Data is never RAW.
Data is always cooked in a way or another.



Jérôme Martinez

FOSDEM, Brussels, February 2018


Lossless video compression format from FFmpeg project

Open source, patent free

Adopted by several archives

Being standardized (IETF)

Frames are divided by slices, with checksums

About FFV1 standardization

IETF CELLAR Working Group

Well advanced

A standard this year?

We need external review


Example with 1 second at 24 fps 10-bit HD film on a 6-core (12-thread) Skylake-X CPU:

  • 24 DPX files (or in ZIP/TAR uncompressed): 189 MB
  • 1 compressed ZIP file: 175 MB in 10 seconds
  • 1 compressed LZMA2 file: 154 MB in 30 seconds
  • 1 compressed LZMA2 solid (risky) file: 144 MB
  • 1 FFV1/MKV Intra 16-slice file: 105 MB in 1.5 seconds

FFmpeg advantages

  • Open source and free
  • Package is 1.5-3x smaller than DPX/TIFF
  • Cheksum by "Cluster" (usually 1 second) at container level
  • Cheksum by "Slice" (you choose how many per frame) at video level
  • Files are natively playable by lot of tools (FFmpeg, VLC...)

FFmpeg drawbacks

  • You lose some metadata
    (DPX/TIFF header: scan software, some colorimetry info, film type, DPX time code, shutter angle, gamma... BWF Metadata: history of digitalization, loudness info... and opaque WAV chunks...)
  • "This is not the exact source content we are requested to store" issue
  • But...


  • Store DPX/TIFF/WAV header/footer in Matroska elements
  • Store source file names in Matroska elements
  • Store other sidecar files as Matroksa attachments
  • Conversion is reversible (bit-by-bit to original files, directory structure and file names)


  • Storage
    Save HDD/LTO space (less €...)
  • Transport
    Encode, transport, decode; you save bandwidth (€... and transfer speed) without changing something else in your workflow (same files after revert to DPX/TIFF)

Some drawbacks

  • More CPU intensive than uncompressed ZIP
    Real time "only" with modern CPU and HD content
    (Future project: use GPU and/or SSE/AVX)
  • You lose a complete slice content if there is a single corrupted bit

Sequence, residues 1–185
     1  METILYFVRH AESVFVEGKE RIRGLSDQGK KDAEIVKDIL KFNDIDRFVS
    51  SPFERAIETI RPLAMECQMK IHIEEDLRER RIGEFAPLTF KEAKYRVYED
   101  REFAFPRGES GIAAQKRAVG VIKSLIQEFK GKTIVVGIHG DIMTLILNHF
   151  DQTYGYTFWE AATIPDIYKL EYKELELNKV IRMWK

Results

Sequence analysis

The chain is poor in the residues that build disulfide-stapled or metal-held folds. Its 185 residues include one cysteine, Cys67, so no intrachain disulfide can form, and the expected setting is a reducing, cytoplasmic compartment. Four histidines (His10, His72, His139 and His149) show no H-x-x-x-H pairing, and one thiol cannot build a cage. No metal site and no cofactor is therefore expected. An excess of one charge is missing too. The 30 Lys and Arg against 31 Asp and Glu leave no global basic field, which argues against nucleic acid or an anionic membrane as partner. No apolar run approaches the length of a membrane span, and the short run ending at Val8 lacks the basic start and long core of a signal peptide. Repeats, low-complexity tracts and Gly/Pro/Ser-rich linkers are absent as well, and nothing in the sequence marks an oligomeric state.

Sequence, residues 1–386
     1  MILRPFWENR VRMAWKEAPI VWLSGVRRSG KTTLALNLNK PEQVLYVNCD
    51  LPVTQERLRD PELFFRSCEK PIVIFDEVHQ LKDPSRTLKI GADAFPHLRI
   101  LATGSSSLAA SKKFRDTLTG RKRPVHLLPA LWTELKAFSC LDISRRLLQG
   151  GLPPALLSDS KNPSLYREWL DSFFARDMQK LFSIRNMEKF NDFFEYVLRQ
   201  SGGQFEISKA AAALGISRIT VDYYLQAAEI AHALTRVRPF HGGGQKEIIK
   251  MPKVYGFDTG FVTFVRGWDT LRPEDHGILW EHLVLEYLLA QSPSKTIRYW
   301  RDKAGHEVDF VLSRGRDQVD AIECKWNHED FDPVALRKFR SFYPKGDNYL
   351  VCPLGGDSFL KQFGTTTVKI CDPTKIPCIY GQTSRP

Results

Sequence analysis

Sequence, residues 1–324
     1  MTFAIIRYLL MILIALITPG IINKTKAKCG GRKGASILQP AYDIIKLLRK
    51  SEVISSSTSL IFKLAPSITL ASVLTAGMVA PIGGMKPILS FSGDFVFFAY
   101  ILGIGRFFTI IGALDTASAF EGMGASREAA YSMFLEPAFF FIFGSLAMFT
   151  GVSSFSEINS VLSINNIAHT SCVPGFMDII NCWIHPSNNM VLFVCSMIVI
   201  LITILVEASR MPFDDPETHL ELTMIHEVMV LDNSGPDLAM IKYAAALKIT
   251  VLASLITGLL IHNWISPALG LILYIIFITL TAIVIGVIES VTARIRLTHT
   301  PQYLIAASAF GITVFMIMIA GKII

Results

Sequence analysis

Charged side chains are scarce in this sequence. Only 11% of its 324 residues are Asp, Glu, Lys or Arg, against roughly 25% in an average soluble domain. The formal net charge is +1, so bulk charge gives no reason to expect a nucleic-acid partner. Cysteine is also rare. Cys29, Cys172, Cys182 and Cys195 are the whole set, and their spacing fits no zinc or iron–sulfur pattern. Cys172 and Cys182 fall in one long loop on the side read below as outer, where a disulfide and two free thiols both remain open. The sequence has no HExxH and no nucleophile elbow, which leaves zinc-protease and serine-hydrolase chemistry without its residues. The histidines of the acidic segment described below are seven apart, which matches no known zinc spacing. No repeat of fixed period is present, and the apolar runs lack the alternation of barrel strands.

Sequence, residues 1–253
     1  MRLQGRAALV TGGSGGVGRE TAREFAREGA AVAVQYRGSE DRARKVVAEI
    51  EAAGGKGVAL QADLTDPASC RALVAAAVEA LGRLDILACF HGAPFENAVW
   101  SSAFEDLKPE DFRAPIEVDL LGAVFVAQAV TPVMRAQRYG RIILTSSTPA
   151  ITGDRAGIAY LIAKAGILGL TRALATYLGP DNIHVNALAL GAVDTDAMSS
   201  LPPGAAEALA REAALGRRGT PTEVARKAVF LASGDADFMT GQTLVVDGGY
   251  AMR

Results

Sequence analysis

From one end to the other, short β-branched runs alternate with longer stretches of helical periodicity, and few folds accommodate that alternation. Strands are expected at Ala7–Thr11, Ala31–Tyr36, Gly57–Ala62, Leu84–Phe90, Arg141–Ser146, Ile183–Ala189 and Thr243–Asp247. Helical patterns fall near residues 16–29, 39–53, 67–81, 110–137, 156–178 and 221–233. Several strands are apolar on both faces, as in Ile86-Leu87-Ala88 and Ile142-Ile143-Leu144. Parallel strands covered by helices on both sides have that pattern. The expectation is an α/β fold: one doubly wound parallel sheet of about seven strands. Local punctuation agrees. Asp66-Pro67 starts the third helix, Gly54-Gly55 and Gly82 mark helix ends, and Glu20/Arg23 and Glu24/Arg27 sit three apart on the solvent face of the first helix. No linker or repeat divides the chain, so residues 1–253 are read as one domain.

(Mitigated with several slices per frame, MediaConch can fix a bitflip error and could be extended to a byte error; we could add some error-correcting codes)

Development time line

First development snapshots available

Beta release in March 2018

Stable release in April 2018

What is in the development repo now?

Few DPX/TIFF flavors supported

Analysis of the DPX, creation of a data file for reversability (will be changed to Matroska elements)

Provide the FFmpeg command for encoding (will be changed to something more user friendly)

Parse and uncompress natively back to DPX

Still lot of work

All DPX/TIFF flavors (endianess, bit depth, components, padding...

Handling of a complete directory (several video and audio streams, extra files...)

Use of Matroska elements instead of attachments (current implementation, not good)


More input formats (TIFF, EXR...)

More archiving features (error-correcting codes...)

Initial funding

Developed by MediaArea

Main sponsorship by AV Preservation by reto.ch

With additional financial support from some other archives:

  • CNA (National Audiovisual Centre of Luxembourg)
  • Nasjonalbiblioteket (National Library of Norway)
  • IFI (Irish Film Institute)

Business model

Alway open source

But the delivered binaries have support of only few DPX flavors and few features

User need to buy a key for other flavors/features

Stay in touch

MediaArea: https://mediaarea.net, @MediaArea_net

RAWcooked: https://MediaArea.net/RAWcooked

Jérôme Martinez: jerome@mediaarea.net

Slides: https://mediaarea.net/Events

License (except images): CC BY